Concerned about brain health?
Alzheimer’s and dementia are widely regarded as the most devastating diseases of the 21st century. One out of 10 people aged 65 and older are at risk for developing Alzheimer’s disease. Additionally, reported cases of Parkinson’s, stroke, and other diseases of the brain are on the rise as scientists work to find effective treatments and possible cures.
In this free webinar, Drs. Ayesha and Dean Sherzai, co-directors of the Alzheimer’s Prevention Program at Loma Linda University Medical Center, will share their collective knowledge, research, and expertise on how nutrition, exercise, and other restorative practices can help you maintain long-term cognitive health and decrease your risk of developing devastating brain illnesses.
In this webinar you will:
- Gain a better understanding of how simple lifestyle strategies can help offset the genetic risk of developing dementia.
- Learn about the connection between dietary fats, Alzheimer’s disease, and cognitive decline.
- Hear about the ideal diet for long-term brain health and cognitive function.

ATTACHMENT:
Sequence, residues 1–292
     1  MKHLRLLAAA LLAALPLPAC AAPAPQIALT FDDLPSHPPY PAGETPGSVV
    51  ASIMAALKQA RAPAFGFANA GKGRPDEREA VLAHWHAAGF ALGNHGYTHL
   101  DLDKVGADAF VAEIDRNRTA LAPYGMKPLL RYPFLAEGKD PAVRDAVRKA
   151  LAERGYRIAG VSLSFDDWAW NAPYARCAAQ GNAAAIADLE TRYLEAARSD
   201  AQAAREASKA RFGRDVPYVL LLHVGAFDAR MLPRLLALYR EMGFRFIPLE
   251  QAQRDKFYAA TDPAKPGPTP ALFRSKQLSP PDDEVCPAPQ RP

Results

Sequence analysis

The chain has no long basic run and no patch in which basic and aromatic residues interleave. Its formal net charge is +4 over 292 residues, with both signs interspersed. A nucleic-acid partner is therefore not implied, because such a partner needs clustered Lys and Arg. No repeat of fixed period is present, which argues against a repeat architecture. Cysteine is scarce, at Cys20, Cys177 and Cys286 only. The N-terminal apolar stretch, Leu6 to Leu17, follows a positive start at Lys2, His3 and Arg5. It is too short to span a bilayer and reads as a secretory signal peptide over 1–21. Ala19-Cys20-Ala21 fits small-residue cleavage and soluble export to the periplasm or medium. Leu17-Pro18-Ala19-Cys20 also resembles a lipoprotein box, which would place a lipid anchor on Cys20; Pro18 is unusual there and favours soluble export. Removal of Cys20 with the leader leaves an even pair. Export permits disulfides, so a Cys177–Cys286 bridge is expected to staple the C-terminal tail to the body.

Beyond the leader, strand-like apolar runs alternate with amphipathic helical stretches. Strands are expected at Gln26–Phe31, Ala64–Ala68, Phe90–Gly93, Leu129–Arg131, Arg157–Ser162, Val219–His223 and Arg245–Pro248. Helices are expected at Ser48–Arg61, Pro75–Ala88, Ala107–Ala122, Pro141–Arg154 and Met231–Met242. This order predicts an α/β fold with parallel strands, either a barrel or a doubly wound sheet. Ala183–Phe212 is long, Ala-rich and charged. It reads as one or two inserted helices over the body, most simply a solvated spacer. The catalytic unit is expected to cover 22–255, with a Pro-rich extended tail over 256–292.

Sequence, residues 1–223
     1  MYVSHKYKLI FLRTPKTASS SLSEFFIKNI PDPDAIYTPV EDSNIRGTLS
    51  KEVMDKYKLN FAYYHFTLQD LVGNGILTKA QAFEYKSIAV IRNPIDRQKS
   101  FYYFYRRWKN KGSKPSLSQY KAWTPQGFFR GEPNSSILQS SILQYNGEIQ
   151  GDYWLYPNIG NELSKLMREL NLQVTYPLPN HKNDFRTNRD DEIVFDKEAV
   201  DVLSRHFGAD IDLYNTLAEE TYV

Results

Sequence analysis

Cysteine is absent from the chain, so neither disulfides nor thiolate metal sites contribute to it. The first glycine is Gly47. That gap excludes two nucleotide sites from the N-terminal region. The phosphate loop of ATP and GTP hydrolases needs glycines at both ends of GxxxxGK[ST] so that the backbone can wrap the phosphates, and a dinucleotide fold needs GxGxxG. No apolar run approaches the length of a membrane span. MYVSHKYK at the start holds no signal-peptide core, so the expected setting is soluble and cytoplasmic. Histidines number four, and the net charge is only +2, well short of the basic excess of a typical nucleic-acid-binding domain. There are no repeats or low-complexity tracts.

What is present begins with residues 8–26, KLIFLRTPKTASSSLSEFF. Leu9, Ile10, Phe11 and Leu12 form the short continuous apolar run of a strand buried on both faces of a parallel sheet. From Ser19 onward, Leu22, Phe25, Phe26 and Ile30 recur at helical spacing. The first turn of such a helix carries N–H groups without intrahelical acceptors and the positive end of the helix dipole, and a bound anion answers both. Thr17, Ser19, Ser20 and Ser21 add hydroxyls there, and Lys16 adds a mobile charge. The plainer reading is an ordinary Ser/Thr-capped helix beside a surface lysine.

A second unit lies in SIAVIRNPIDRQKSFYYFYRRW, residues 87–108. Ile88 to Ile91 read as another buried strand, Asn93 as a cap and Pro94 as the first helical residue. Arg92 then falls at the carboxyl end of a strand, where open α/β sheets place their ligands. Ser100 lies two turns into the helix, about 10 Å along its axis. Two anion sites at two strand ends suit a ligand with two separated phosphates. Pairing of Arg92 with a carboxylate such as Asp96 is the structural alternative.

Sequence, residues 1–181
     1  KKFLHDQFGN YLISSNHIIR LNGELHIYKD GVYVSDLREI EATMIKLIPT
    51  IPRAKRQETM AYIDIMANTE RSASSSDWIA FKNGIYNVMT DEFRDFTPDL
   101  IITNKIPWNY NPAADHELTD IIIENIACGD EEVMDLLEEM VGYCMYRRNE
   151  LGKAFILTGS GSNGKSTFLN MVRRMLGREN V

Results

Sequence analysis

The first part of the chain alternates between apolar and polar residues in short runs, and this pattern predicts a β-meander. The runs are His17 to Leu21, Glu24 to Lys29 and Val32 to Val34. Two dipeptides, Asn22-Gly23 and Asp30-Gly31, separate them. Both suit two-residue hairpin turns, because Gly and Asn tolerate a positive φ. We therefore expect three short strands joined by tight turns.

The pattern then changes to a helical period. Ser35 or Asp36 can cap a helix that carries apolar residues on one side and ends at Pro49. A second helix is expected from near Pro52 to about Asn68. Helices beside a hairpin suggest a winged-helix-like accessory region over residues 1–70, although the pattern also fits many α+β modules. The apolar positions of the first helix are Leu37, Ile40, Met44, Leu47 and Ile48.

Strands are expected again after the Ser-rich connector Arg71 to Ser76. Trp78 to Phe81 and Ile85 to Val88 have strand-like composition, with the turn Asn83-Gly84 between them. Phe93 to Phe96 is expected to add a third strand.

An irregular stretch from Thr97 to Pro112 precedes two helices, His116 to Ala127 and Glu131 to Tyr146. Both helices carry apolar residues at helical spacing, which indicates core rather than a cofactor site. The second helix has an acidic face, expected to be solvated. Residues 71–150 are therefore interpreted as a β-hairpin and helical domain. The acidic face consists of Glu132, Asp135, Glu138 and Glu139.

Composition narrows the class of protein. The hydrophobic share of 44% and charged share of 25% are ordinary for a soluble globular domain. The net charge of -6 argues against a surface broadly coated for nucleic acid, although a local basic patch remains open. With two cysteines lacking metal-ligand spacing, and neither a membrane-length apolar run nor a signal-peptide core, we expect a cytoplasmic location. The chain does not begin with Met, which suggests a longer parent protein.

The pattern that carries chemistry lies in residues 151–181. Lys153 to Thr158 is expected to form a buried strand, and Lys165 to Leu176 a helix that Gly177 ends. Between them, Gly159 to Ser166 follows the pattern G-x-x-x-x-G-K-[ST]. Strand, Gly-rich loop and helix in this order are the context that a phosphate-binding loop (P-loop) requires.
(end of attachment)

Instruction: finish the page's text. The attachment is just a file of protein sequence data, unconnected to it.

Drs. Ayesha and Dean Sherzai
A husband-and-wife team on the cutting edge of brain science, Drs. Dean and Ayesha Sherzai are co-directors of the Alzheimer’s Prevention Program at Loma Linda University Medical Center. Through research and their extensive collective medical backgrounds, the Sherzai’s are working to demystify the steps to achieving long-term brain health and the prevention of diseases such as Alzheimer’s and dementia.
Dean Sherzai, MD, PhD, trained in neurology at Georgetown University School of Medicine and completed fellowships in neurodegenerative diseases and dementia at the National Institutes of Health and the University of California at San Diego. He also holds a PhD in healthcare leadership with a focus on community health from Andrews University.
Ayesha Sherzai, MD, completed a dual training in preventative medicine and neurology at Loma Linda University, and a fellowship in vascular neurology and epidemiology at Columbia University. She leads the Lifestyle Program for the Prevention of Neurological Diseases at Loma Linda University. She is also a trained plant-based culinary artist.